What Happens: (This film frequently notes specific dates central to its content, so I’ll build this section of the review on those chronological markers; because this is a docudrama based on fact you can explore much more background of this crucial-to-all-of-us-situation by reading these extensive details from The New York Times [a primary source for the screenplay], then check out this Slate analysis of fact vs. fiction [mostly fact, except such minor additions as the protagonist enjoying an occasional Mai Tai—not a bad choice if he does; made properly, as I pride myself in doing, those cocktails are delicious], and if you want some info about lawyer Bilott from his firm you can go here. Now, with all that background at your disposal, here’s how it’s used within the film.) We begin in 1975 with 3 teenagers climbing over a private-property-signed-fence to a lake for a night swim in Parkersburg, West Virginia (I didn’t catch whether this lake belonged to the DuPont chemical company, but later events imply it did; I also don’t know if our later-lawyer-protagonist was supposed to be one of those kids, but it doesn’t really matter [except for dramatic irony]) only to be chased away by a couple of guys in a boat who then start spraying something into the water. Cut to 1998, the huge law firm of Taft Stettinius & Hollister in Cincinnati, OH where Robert Bilott’s (Mark Ruffalo) just been made a partner (with Tom Terp [Tim Robbins] in charge of daily operations), but his celebration’s cut short by the arrival of a Parkersburg farmer, Wilbur Tennant (Bill Camp), who’s got boxes of VHS tapes, complaints of the cows on his farm being poisoned (leading to mutations, sicknesses, deaths) by the nearby DuPont plant. Bilott—whose firm represents such chemical-company-clients—tries to help him find more local lawyers who could be of service, but Tennant wants Bilott because this gruff, desperate old guy’s a neighbor of Rob’s grandmother, Alma White (can’t find the actor in a cast list); besides, DuPont’s the major employer of Parkersburg so no one there really wants to ruffle their feathers anyway. Bilott drives the many miles back to Grandma’s for a short visit, explores the destruction of Tennant’s herd (190 cows buried), returns home to view the ghastly images on the videotapes, takes his concerns to Terp who’s not that supportive, nor is Rob’s wife, Sarah (Anne Hathaway), who's more focused on the need for financial stability in their family, including their new baby. At a major DuPont event (celebrating their slogan, “Better Living Through Chemistry”), Bilott contacts company honcho Phil Donnelly (Victor Garber), initially interested in the situation but undercuts Tennant’s claims by producing an Environmental Protection Agency report (helped by DuPont) which blames Tennant for his troubles, claiming gross mismanagement of his property. Bilott wants to sue DuPont, so Terp says keep it quick and simple.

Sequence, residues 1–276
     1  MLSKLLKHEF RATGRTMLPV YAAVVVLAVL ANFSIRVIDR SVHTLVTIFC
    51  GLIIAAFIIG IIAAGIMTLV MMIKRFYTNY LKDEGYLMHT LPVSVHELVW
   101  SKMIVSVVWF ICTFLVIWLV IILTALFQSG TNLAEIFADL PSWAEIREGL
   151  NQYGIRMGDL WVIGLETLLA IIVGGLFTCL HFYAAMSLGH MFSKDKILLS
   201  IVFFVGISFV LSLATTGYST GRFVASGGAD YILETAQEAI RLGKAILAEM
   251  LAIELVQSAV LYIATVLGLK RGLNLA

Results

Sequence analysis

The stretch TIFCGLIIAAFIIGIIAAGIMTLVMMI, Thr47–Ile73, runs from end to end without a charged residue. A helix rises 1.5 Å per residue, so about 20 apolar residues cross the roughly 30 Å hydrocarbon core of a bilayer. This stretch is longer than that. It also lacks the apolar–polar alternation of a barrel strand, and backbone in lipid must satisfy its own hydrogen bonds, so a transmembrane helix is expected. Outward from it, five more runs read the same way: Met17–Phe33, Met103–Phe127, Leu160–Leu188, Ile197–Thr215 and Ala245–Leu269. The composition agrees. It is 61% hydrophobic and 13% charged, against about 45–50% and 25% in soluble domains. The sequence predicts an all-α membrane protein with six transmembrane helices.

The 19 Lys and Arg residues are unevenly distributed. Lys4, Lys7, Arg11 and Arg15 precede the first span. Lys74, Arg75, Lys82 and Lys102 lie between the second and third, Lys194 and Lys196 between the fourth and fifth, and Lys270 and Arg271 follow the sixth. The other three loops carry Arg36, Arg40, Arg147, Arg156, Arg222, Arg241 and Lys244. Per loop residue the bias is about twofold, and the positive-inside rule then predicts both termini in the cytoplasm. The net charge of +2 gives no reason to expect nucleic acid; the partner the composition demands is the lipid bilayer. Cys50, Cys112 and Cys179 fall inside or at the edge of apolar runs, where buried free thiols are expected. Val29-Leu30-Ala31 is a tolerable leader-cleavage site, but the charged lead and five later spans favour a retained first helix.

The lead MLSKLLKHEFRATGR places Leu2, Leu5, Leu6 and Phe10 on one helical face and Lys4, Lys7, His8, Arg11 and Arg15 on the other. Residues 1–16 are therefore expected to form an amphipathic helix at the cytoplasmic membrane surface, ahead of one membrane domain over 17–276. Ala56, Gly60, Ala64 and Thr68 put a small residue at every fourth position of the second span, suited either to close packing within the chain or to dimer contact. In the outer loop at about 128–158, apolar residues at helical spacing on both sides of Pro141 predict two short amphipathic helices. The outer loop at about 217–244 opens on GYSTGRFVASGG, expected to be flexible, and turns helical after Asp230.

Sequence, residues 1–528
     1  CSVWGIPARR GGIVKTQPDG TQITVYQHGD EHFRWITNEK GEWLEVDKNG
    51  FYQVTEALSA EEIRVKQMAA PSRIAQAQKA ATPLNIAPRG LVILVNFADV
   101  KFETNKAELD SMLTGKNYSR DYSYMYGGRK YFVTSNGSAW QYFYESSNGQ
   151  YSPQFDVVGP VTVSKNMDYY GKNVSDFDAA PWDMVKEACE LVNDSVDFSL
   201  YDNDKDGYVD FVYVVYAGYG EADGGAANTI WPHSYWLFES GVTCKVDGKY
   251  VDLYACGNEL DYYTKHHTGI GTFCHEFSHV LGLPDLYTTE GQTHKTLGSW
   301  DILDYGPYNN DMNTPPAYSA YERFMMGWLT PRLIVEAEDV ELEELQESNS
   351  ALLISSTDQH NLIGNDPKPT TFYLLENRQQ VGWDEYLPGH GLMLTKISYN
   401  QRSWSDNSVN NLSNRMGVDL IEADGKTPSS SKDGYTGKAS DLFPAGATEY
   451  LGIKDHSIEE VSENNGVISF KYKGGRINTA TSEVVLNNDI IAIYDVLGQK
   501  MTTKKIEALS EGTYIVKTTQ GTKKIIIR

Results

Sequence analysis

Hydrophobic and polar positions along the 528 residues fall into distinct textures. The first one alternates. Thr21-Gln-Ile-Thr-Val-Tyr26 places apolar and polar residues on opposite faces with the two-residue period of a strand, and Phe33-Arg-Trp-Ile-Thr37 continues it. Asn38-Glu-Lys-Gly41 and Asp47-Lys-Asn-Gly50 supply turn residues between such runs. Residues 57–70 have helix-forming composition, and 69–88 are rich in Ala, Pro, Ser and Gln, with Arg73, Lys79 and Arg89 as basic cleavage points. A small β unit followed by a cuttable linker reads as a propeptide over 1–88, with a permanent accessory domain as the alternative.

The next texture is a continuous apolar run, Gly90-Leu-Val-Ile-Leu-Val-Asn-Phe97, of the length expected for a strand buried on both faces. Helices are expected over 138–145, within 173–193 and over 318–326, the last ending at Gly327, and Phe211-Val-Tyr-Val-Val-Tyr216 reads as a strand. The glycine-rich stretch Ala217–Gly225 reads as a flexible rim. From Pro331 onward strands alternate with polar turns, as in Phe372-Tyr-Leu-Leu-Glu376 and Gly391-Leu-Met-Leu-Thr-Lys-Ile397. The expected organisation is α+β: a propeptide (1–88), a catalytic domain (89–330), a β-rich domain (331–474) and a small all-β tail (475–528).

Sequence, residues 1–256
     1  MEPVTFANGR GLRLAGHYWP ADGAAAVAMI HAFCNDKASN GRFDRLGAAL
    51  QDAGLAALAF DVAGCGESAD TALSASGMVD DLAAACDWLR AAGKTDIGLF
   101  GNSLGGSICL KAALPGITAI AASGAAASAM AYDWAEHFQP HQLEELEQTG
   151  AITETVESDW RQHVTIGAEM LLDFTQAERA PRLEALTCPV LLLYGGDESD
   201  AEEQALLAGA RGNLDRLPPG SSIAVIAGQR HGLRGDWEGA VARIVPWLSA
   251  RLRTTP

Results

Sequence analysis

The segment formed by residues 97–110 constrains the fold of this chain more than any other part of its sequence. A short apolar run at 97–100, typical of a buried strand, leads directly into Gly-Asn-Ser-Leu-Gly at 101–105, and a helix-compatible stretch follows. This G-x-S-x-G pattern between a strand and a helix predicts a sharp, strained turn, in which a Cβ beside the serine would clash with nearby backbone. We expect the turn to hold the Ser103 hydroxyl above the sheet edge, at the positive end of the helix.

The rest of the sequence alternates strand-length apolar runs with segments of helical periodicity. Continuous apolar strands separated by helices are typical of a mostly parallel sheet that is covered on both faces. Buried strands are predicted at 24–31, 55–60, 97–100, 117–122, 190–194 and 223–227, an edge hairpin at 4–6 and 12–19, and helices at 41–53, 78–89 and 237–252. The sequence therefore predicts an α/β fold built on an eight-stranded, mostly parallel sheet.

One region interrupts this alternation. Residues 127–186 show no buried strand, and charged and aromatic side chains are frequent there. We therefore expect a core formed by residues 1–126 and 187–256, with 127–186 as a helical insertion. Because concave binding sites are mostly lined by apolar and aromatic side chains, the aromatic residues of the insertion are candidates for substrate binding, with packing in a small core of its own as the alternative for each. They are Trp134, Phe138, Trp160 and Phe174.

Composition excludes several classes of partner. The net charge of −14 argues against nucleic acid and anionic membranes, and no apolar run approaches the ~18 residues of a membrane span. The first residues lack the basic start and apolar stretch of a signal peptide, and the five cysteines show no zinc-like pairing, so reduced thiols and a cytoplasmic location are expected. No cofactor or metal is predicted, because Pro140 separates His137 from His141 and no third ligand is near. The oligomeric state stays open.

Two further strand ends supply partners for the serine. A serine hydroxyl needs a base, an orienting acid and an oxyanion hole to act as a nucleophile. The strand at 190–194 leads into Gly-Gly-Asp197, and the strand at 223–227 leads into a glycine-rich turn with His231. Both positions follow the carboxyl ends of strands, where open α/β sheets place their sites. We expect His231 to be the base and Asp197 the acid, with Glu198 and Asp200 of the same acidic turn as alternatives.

1999: The Tennant case drags on as Bilott now learns about a deadly, human-created chemical compound, PFOA (or C8 because it’s formed by joining 8 carbon molecules to make the no-stick cooking-pan-revolution, Teflon, but it doesn’t break down so it easily contaminates soil and water [along with organic bodies such as cows—and humans; as this film progresses Bilott’s aware of a growing stroke-like-reaction in his body, causing him to shake, at times collapse]). Rob’s convinced Wilbur’s farm’s been polluted from a landfill where DuPont dumped PFOA residue but can’t get much info because the government knows nothing about this substance (or many others like it), has no regulation in place (Rob can’t even find it on the Internet, has to have a chemist explain it to him). Further pressure on Phil leads to his insulting response then a legal response in the discovery phase of Tennant’s case where dozens of boxes of papers are sent to Bilott, totally overwhelming him especially when he won’t let others help, afraid these materials might somehow be deadly; meanwhile, Wilbur’s shunned in his hometown for daring to disturb DuPont, whose resources of their huge nearby factory practically provide ownership of Parkersburg. 2000: Rob finds evidence of C8 in the Ohio River, becomes concerned for the health of others beyond Wilbur’s farm; Sarah’s getting frustrated with the time/energy he’s putting into this case (she gave up her own law career to become a homemaker) until he explains it all to her, including how DuPont’s aware of cancer in the PFOA line workers, leading to illness, deformed babies, etc. Wilbur’s cynical anything useful with come of Rob’s efforts even as Rob testifies to the EPA. 2001: Rob and Sarah take testimony in W.Va., even as DuPont claims the water there is safe. 2002: Terp’s become very supportive, the Taft firm’s more involved, outside lawyer Harry Deitzler’s (Bill Pullman) added to the team. 2003: A new study’s issued on unreported dangers of Teflon. 2004: DuPont promotes a “safe Teflon” campaign, but medical evidence piles up over their denials, the EPA fines DuPont $16.5 million. 2005: Bilott gets 69,000 W.Va. volunteers to take a blood test in exchange for $400 each, even as many believe DuPont won’t be found guilty of any wrongdoing (largely staying loyal to the company's necessary financial support of their community). 2009: Wilbur dies, some Parkersburg folks are upset with no resolution in the case after 10 years. ⇒2011: Rob’s sick but recovers, the blood tests finally show huge medical problems with the W.Va. population, Rob moves ahead with a class action suit (over 3,500 claimants); DuPont counters by challenging them individually in court, so Bilott must defend each one, consistently winning with damages larger in each verdict. 2015: DuPont finally settles all claims for a total of $670.6 million, but Bilott’s still fighting to protect the larger population as Teflon’s now made with a different carbon base, there are some 600 other unregulated chemicals like PFOA, and it’s estimated 99% of Earth’s species—including us—have this stuff in our bodies.⇐